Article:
Range — Book Review

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Cross-posted from Goodreads.

From our early days, we are taught the value of hard work. We are encouraged to specialize in whatever we are “passionate” about. Starting early in that specialization is offered as the only way to succeed. We are told inspirational success stories of rich businesspersons, extraordinary athletes, and hard-working celebrities, and how having a singular focus in life made them what they were. The mainstream media keeps playing on repeat the success stories of high-flying specialists.

But reading about the lives of some of the most remarkable people, like Da Vinci, Roosevelt, Jobs, and Curie, Nightingale presents a different picture. These men and women were famously multi-talented (read generalists) and had a more enduring impact on our society than any specialist. I had always wondered whether the stories run by mainstream media presented the whole truth.

Think about it: when was the last time you checked a famous person’s Wikipedia portrait and NOT found a list of diverse things that they were? Benjamin Franklin was a writer AND scientist AND inventor AND politician AND philosopher. Thomas Edison was an inventor AND businessman who dabbled in electricity, communication, sound, and motion pictures among other things. Elon Musk is a business magnate AND investor who has excelled in payments, automobiles, and space exploration.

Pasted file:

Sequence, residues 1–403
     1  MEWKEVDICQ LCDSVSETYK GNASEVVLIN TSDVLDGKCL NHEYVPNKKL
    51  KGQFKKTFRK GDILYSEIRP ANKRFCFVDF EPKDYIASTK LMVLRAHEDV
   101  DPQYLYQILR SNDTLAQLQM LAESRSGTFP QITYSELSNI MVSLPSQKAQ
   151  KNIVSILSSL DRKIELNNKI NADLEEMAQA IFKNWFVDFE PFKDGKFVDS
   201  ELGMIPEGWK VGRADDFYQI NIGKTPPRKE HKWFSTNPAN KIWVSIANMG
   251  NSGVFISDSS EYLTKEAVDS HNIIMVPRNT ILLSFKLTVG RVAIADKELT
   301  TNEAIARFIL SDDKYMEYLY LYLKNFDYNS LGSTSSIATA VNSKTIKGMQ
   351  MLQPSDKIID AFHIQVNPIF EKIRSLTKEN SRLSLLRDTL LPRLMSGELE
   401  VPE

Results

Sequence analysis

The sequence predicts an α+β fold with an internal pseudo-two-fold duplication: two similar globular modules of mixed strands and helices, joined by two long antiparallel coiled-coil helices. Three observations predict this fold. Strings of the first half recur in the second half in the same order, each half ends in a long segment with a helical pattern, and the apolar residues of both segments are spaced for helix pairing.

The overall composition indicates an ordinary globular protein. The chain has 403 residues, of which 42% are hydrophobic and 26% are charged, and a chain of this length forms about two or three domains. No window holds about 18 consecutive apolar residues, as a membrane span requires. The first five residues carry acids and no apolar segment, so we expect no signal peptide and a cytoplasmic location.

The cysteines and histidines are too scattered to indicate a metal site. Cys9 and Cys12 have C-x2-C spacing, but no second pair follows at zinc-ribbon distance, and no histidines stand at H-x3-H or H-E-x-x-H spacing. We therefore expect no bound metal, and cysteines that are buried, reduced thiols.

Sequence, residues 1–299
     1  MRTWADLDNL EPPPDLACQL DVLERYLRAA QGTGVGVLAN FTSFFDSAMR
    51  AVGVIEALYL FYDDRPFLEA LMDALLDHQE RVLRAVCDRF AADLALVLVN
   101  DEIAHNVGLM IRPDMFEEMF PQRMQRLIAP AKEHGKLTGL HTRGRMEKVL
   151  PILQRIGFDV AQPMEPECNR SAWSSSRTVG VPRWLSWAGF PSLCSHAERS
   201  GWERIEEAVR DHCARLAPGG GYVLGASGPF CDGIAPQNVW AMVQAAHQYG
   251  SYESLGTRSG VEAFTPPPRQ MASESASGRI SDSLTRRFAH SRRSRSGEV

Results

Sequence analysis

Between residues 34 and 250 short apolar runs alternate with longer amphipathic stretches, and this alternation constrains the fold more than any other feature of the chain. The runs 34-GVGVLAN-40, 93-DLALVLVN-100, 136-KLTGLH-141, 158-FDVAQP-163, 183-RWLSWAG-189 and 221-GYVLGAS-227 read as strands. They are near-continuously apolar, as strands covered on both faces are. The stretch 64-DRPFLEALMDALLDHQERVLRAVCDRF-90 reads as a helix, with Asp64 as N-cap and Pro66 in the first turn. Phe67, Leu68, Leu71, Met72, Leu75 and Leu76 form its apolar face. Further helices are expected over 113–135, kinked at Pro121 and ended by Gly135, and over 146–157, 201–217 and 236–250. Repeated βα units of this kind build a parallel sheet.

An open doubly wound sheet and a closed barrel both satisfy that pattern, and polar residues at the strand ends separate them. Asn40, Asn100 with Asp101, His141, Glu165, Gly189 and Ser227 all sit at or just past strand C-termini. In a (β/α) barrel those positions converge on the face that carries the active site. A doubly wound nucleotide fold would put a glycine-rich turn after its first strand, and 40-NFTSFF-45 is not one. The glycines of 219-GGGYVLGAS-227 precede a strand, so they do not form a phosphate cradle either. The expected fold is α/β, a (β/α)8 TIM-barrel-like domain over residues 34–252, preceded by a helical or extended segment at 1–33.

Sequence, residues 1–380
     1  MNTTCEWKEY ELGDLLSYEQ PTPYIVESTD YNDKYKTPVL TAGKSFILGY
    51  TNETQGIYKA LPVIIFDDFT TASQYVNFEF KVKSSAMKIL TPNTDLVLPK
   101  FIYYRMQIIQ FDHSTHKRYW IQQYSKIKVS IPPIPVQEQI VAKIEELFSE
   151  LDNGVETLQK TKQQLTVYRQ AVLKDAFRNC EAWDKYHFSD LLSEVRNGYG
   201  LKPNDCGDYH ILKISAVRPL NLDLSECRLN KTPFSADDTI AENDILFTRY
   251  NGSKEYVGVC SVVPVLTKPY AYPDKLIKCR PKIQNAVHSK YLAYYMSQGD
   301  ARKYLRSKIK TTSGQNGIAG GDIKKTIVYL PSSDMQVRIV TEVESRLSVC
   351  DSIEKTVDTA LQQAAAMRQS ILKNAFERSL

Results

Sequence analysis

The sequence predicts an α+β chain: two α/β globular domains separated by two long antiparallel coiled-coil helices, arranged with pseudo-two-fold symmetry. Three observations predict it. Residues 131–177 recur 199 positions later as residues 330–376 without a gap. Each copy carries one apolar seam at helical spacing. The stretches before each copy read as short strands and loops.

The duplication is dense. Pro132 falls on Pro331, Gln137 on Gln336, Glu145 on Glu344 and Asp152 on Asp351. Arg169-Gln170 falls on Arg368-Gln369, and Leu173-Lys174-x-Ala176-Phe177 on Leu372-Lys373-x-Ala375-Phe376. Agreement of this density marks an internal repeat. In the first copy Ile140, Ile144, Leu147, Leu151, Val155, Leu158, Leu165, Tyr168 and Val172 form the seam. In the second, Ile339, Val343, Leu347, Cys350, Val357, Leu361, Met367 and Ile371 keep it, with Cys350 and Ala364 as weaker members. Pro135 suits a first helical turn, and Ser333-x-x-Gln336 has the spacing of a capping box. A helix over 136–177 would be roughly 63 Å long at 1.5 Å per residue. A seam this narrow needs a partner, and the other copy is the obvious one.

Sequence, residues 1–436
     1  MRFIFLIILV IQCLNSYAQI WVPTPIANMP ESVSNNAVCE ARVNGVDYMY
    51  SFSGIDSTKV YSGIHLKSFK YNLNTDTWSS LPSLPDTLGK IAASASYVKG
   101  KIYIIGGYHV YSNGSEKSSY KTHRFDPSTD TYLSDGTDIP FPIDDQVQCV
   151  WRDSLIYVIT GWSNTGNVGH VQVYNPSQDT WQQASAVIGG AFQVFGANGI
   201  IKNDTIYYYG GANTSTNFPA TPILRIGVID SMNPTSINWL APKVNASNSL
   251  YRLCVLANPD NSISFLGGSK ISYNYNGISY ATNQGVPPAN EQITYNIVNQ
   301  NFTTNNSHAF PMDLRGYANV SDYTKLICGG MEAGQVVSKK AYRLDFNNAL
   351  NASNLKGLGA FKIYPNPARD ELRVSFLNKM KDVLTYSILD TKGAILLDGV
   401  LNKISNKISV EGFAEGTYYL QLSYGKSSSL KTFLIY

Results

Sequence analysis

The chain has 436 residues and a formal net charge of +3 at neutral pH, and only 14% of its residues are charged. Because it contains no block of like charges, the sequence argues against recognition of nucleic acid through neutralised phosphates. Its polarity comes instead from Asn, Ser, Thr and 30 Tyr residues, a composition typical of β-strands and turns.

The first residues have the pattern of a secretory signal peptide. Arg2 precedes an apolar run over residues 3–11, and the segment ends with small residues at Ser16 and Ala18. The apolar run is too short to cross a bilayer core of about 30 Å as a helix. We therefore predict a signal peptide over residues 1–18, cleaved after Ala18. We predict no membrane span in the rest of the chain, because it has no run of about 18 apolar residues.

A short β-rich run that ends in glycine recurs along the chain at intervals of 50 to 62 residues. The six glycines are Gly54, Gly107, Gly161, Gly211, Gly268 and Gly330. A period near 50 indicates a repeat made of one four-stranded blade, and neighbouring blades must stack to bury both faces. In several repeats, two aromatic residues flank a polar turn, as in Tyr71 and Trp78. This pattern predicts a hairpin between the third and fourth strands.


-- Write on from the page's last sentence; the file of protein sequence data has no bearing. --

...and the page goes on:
Being a generalist myself, I was intrigued by the book’s title when I stumbled on it during my self-motivated research on the generalist vs. specialist debate. I was looking for confirmation that being a generalist could be advantageous if done right. I was also looking for real-world examples of people who have tasted success with a generalist approach, and take away techniques to bring a more disciplined structure to being a generalist. The book seemed to be exactly what I wanted, so I ordered it without wasting a minute.

Though the book did turn out as expected, it’s written in an overly journalistic style. Most chapters are like long essays in a Sunday newspaper. While I absolutely enjoyed learning key lessons from some of the most remarkable generalists, I was frequently too bored to continue. Perhaps I read it with the wrong expectation. I tried to speed read when I could, but constantly found myself slowed down by the scientific explanations. It took a lot of concentration to consume those parts. To be fair to the author, it’s good that every assertion is backed by a proper explanation. It was just too much to swallow for me.

In the end, I’d still recommend this book. Being a generalist in a highly specialized world is tough. It helps to have a mentor remind you about its virtues and give tips to improve. Epstein is that mentor.

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